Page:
New scientific input for Europe

Nieuws | de redactie
13 mei 2015 | European universities were worried how the European Fund for Strategic Investments (EFSI) was going to work out for science. Now, Jean-Claude Juncker and Carlos Moedas gave a glimpse of their new plans. A new “Scientific Advice Mechanism” aims at an integrated approach to science-based policy making.

“An important step has been made today,” LERU Secretary-General Kurt Deketelaere stated in reaction to the plans laid out bij Commissioner Moedas. “It will hopefully be followed by many others, so that society at large can fully benefit from the research it is, wisely and correctly, funding.”

Proven track record

Deketelaere stressed the importance of an “open and continuous dialogue between the scientific community and the EU policy makers.” The League of European Research Universities (LERU) over the last year extensively expressed its concerns over the European Commission’s plan for a European Fund for Strategic Investments that might ‘squeeze’ Horizon2020.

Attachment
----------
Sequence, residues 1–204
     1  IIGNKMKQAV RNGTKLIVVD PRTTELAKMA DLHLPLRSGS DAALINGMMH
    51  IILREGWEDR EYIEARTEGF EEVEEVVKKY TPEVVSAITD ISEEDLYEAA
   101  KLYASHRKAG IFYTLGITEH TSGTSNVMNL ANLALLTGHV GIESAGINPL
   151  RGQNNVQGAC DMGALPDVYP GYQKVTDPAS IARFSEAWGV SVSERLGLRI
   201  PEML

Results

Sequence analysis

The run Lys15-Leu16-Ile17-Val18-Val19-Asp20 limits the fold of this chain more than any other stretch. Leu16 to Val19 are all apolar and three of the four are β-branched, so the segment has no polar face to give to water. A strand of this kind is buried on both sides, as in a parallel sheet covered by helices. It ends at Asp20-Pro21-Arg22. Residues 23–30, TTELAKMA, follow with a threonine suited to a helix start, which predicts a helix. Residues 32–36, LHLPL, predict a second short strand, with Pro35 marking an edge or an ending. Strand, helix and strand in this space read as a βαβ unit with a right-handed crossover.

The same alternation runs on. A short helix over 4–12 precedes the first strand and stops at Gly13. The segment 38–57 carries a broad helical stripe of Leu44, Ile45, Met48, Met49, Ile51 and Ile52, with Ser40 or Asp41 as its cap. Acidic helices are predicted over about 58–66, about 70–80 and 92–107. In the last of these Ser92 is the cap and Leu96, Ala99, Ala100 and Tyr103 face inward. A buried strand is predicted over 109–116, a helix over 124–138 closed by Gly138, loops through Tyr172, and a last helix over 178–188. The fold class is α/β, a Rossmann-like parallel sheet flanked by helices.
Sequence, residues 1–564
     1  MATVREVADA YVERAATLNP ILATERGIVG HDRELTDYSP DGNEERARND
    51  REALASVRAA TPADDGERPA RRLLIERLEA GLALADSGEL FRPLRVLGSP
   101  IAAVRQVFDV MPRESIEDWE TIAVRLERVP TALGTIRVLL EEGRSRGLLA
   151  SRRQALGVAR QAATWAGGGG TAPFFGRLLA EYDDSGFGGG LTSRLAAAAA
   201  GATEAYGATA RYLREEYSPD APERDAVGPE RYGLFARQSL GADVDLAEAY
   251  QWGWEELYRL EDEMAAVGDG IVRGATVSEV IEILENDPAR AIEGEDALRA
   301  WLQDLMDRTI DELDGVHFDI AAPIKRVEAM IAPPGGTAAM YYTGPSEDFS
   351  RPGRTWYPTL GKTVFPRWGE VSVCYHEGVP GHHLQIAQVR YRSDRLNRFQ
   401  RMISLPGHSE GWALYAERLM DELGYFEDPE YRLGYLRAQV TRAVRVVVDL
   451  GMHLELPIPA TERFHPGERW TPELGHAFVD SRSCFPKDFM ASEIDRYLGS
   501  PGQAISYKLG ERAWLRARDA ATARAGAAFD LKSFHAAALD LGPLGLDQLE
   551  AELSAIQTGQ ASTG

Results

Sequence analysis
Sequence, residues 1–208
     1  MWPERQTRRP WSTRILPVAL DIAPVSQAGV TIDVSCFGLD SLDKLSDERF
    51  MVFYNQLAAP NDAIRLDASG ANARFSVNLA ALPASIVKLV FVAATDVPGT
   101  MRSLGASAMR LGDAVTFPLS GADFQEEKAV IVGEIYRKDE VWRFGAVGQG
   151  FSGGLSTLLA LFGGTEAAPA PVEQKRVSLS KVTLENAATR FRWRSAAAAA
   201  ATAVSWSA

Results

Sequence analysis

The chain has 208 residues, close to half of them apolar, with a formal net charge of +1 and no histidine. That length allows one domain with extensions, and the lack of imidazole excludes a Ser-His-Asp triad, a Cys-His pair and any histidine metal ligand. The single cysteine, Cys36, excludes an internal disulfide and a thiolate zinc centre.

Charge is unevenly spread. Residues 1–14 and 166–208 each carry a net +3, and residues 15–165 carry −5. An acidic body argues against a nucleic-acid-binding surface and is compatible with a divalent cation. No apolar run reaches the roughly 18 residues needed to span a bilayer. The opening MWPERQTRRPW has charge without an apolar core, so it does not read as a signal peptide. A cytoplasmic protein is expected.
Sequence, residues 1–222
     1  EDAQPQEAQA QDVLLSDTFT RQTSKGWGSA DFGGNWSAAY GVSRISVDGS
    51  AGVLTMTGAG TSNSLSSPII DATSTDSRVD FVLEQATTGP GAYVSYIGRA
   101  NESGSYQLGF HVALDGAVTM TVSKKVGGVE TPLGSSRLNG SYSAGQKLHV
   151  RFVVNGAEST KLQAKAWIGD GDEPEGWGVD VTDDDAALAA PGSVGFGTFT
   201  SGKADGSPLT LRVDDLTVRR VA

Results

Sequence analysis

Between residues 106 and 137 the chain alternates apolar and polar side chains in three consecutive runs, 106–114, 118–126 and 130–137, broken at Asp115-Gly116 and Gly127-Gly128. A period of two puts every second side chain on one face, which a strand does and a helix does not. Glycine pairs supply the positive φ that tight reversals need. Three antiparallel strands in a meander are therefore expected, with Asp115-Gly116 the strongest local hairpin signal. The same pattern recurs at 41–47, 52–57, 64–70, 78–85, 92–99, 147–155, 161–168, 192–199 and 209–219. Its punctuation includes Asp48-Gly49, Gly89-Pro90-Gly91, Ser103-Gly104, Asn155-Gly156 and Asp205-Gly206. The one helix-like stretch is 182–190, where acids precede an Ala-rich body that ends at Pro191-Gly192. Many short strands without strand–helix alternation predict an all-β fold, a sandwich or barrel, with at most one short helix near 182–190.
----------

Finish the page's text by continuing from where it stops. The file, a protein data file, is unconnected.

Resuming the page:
According to the LERU the plans presented by President Juncker today show that EFSI’s impact on the European research and investment budget can be minimised. Moreover Commissioner Moedas’ plan for the development of a new “Scientific Advice Mechanism” (SAM) is supported by the universities. “LERU welcomes the fact that the Commission plans to appoint a high-level group of scientists that will forge links with organisations with a proven track record of scientific expertise.

Details to be worked out

SAM will draw upon existing structures like national academies of scientists and academic advisory bodies to help the European Commission with independent advice in all fields of policy making. In the coming months, Carlos Moedas will further work out how the new advisory panel will be formed. Its presentation is said to be this fall.

The announcement of a new scientific advisory body for the European Commission marks a new start for the dialogue between science and European policy making. In November 2015 Anne Glover took off as Chief Scientific Adviser for the European Commission. Glover wasn’t replaced by anyone at that time. 

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